Shining a light on an invisible disability
Sometimes the hardest disabilities to live with are the ones you can’t see. Stuart, a Recruiter, tells his story of overcoming a sometimes stigmatised condition.
Stuart Young joined Shell having been top of his graduating class at the University of Alberta in Canada.
With a degree in Commerce and Business Law, he’d originally planned to become a lawyer, but, after meeting a Shell recruiter at a university open day, he was inspired to join.
Coming from a diverse background (his mother is First Nation – an aboriginal Canadian – and his father is Scottish), seeing diversity on display at Shell was an attraction.
When he later joined the Shell Graduate Programme in HR he felt he had it all set. “It was an immediate fit,” he says. “I have always wanted to work closely with people and in a space in which I can influence a company’s diversity.”
Growing up with ADHD
But there was something about Stuart that he had not yet shared with his colleagues. He arranged a meeting with his HR advisor and shared his condition: Stuart has Attention Deficit Hyperactivity Disorder (ADHD) and has been struggling with it since childhood.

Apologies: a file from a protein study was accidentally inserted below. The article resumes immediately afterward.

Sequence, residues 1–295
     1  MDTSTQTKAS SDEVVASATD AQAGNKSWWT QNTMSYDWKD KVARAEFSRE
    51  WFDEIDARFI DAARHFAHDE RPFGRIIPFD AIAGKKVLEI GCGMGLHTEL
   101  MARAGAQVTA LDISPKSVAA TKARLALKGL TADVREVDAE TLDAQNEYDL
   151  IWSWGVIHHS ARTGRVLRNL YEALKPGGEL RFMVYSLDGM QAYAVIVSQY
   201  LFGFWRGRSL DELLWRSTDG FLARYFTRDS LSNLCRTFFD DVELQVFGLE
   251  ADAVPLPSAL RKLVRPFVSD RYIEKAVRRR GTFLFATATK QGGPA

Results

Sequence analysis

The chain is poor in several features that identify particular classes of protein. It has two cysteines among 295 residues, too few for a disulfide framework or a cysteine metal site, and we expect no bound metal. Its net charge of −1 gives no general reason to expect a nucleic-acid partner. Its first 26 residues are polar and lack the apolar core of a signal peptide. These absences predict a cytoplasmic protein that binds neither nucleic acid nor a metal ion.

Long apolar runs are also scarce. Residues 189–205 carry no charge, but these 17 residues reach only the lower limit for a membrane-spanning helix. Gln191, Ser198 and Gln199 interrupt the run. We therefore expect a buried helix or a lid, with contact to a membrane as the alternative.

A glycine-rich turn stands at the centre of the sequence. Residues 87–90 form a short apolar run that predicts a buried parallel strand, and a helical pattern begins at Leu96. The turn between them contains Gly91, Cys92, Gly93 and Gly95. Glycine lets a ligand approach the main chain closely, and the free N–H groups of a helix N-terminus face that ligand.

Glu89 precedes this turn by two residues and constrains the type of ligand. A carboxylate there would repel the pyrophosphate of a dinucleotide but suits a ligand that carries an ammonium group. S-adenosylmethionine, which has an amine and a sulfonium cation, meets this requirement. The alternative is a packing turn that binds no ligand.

Stuart was diagnosed with ADHD as an adolescent, a mental disorder that can cause a short attention span, a lack of organisational skills and can lead to low self esteem, high anxiety and depression.
Stuart first decided that when he entered the professional world at Shell he would keep his ADHD to himself. “Invisible disabilities are sometimes harder for people to understand,” he says.
Support of colleagues
Together with his HR advisor and manager, Stuart devised a plan for dealing with his condition. They decided he would take part in an external 12-week course to help him deal with ADHD and tackle his workload in a more focused, effective way. To support this, Stuart, with the approval of his manager, arranged time every Friday afternoon for a mental health professional to visit him in the office.
"The impact was immediate. More than giving him the right tools to tackle the problems he was facing, it was the release of pressure he felt in being open that helped him develop at work. He explains: “By opening up to my manager and colleagues and asking for help, I felt I could move forward.”
Now, in his role as a Graduate Recruiter, Stuart is in a unique position to help students and graduates with similar disabilities find their way at Shell, and to continue promoting an inclusive environment where everyone can achieve great success. One of the key pieces of advice he gives is that you need to speak out to receive help: the support is out there and if you have an invisible disability, you shouldn’t be afraid to expose it.
For Stuart, speaking out and the support he received from his manager and colleagues was the key to overcoming his disability: “People need the resources, but more than that they need to feel they’re not alone.”
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